Organizational Studies/Psychology 103
Take Home Exam 2, Summer Session, 2010
1. Define conformity, and distinguish between compliance, obedience, and acceptance, giving examples of each. What types of influences lead to conformity? When are we likely to conform and why does it have a negative connotation in Western society? Compare and contrast the conformity experiments of Sherif and Asch. Describe their methodology and the results that they observed. What processes seem to be at work in each case? In your view, would we get the same results today?
Conformity is defined by Aronson (1988) as ‘a change in a persons behaviour or opinions as a result of real or imagined pressure from a person or group of people. Sherif’s (1935) study of the autokinetic effect, which was an optical illusion, is one of the classic conformity experiments. He placed people in a completely dark room and let them observe a pinprick of light for some time; this gave them the illusion that the light moved erratically. Sherif asked individuals to estimate how far the light moved on several trials. Their estimates were typical to that individual. He then asked people the same question in-groups of two or three. Their estimates were of a normative value, (typical to that group). When people were alone again they continued to estimate consistent with the group norm.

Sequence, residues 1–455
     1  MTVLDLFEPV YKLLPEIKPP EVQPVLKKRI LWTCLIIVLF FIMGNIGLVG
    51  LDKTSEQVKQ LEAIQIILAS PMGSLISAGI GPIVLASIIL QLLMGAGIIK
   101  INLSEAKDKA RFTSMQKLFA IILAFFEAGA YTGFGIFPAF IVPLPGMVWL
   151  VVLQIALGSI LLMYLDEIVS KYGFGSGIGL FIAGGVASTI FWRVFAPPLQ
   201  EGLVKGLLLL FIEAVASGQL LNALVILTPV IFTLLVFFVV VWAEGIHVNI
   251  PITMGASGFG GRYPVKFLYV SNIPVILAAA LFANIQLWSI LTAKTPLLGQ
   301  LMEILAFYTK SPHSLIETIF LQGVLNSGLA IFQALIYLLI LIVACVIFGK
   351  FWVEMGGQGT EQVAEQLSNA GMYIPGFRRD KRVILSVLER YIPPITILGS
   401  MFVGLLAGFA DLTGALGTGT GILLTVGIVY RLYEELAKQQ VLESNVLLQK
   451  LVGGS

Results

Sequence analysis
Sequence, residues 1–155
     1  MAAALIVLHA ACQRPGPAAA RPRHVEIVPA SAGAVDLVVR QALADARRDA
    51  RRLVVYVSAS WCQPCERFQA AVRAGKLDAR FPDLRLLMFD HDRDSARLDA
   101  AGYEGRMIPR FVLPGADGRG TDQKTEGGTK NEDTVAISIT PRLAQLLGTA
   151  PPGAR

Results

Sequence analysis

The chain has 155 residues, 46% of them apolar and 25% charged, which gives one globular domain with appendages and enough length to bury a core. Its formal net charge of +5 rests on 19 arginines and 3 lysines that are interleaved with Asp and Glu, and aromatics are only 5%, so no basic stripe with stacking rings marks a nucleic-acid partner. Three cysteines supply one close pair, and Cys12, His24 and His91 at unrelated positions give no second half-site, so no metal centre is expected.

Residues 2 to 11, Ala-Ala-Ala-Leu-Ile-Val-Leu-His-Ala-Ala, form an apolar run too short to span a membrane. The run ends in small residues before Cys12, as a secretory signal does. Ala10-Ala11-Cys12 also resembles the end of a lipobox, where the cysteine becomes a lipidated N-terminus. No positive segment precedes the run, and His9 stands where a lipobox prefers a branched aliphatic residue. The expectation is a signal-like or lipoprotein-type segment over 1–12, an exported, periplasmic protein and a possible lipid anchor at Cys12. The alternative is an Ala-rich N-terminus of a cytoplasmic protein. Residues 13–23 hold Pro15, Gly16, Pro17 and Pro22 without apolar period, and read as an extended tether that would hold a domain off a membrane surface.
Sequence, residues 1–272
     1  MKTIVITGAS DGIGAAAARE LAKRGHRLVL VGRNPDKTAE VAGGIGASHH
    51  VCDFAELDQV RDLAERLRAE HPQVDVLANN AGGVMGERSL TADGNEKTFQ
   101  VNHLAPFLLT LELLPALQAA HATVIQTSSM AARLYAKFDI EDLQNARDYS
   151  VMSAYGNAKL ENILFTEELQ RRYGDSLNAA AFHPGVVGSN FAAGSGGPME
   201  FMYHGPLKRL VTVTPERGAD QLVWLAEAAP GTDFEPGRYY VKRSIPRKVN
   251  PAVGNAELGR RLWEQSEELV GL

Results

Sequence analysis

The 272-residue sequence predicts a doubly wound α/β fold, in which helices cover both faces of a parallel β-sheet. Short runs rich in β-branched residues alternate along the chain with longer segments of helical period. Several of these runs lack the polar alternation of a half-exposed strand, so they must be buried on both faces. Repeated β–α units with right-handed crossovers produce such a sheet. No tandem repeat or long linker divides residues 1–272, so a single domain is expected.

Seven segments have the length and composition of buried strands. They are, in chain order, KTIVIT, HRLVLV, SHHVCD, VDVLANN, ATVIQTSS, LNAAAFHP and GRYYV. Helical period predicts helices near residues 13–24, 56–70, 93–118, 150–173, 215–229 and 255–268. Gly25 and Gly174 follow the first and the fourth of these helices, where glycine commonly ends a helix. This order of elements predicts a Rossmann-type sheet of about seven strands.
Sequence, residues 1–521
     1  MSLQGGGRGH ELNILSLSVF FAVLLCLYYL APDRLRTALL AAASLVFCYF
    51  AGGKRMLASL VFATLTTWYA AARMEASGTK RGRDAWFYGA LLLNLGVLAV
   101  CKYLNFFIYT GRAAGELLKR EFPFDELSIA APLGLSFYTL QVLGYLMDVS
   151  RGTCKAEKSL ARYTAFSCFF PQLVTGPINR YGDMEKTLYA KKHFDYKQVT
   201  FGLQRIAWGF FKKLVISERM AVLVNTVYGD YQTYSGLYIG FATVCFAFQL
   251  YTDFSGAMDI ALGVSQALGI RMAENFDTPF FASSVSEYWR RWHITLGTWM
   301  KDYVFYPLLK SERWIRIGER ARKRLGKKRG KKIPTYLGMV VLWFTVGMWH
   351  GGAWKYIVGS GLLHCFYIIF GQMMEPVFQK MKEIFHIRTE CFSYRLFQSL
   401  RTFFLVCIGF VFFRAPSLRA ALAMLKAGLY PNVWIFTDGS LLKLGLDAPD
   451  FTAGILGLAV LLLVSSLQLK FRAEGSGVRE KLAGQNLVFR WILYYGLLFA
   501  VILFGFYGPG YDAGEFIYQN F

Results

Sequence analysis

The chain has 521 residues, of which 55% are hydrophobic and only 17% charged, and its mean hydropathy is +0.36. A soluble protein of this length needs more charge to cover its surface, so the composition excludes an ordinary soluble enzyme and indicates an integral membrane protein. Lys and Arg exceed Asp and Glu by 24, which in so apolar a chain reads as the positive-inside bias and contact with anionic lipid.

Sherif’s (1935) study was ambiguous, (there was no right or wrong answer), and this made it difficult to draw any definite conclusions about conformity. It meant that individuals relied on the judgments of others when they had no clear way of deciding what judgments to make for themselves. Conformity effects would be better assessed more directly, by having all but one of the participants taking part to give the same answer and then seeing what effect this has on the remaining participant. Jacobs and Campbell carried out an experiment such as this in 1961, using the autokinetic effect. They found strong... [continues]
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